Tuesday, January 23, 2018

marcus sherels

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Image courtesy of Vikings.com

Has the New Orleans Saints punter turned “Minnesota nice?”

Minnesota Vikings fans appreciate gutsy performances.

In last Sunday’s divisional playoff game at U.S. Bank Stadium New Orleans Saints punter Tom Morstead made quite the impression. Morstead tore cartilage on the right side of his ribs making a tackle on Vikings punt returner Marcus Sherels in the first quarter. Morstead stayed in the game despite his clear discomfort and pain. He booted a couple more punts and finished the game. He was even one of eight Saints players to return to the field for the mandatory extra point attempt following the Minneapolis Miracle.

Because of the respect for Morstead’s gritty performance, a movement was started by a Vikings fan on Reddit so fans could donate money to the punter’s charity. Well, it’s taken off.

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Image courtesy of Vikings.com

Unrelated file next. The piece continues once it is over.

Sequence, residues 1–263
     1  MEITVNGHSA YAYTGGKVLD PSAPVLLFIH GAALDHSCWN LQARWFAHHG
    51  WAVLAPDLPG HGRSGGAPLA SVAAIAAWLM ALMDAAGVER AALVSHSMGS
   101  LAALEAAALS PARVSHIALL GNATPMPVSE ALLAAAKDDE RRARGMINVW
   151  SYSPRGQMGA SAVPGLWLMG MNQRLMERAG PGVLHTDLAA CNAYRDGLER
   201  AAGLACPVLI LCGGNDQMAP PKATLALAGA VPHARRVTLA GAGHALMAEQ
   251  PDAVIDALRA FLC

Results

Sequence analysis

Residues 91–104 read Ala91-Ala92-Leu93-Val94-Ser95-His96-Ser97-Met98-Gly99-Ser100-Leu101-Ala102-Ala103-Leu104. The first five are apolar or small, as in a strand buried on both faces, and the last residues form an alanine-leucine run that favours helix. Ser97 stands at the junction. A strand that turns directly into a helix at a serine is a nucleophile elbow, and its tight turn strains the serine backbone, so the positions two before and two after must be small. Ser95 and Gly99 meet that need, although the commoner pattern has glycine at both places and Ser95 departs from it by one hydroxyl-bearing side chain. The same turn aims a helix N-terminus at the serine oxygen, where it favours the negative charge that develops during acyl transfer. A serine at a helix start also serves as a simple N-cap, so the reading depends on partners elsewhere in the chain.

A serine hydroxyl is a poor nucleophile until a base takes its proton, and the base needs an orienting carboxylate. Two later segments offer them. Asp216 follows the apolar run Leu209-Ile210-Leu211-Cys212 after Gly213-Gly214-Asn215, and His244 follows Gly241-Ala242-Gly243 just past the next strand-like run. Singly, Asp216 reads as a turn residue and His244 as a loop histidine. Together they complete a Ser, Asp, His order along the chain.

Minnesota Vikings pull off a near-impossible victory over the New Orleans Saints in the Divisional Round of the NFC playoffs.

The Vikings needed all sixty minutes to earn a victory over the Saints on Sunday. With ten seconds left in the game, Case Keenum connected with Stefon Diggs on an improbable 61-yard touchdown pass that will forever be remembered as the “Minneapolis Miracle.”

On a long sideline pass designed for the receiver to go out-of-bounds to stop the clock for a last-second field goal attempt, things fell in the Vikings favor. Saints safety Marcus Williams charged forward to make the tackle, missed Diggs completely, then the receiver turned up-field. The rest is history.

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Image courtesy of Vikings.com

2017 Minnesota Vikings Pro Football Focus grades.

Before we get started I would like to make some things clear about PFF grades.

Pro Football Focus (PFF) has been grading NFL players since 2004. The football analytics site evaluates individual performances on a play-by-play basis. On every play of every game, a PFF analyst will grade each player on a scale of -2 to +2 according to what he did on the play.

From the Pro Football Focus website:

pff player grades